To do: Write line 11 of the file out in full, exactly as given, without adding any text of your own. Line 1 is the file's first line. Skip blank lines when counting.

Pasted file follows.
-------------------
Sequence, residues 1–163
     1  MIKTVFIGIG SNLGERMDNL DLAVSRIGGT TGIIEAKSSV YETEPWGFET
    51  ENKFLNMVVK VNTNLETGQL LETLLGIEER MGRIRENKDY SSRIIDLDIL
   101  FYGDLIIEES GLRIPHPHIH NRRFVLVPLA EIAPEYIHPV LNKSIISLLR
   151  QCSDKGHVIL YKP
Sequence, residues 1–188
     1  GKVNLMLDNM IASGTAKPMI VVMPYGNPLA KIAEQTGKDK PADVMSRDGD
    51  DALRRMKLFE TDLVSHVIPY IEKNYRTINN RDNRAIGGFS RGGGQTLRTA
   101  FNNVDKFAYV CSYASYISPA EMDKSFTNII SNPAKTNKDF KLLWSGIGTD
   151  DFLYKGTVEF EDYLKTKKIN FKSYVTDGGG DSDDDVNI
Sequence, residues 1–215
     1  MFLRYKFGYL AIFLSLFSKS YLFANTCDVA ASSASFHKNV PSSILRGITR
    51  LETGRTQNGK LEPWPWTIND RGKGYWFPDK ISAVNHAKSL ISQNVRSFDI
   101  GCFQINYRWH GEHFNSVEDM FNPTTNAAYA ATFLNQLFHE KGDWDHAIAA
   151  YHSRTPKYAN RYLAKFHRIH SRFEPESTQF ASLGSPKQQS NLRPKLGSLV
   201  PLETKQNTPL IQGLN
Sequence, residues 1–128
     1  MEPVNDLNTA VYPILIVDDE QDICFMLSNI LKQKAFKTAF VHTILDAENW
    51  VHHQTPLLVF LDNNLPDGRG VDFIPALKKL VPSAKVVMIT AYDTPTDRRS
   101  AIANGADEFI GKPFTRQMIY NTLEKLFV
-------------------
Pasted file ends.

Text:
Sequence, residues 1–215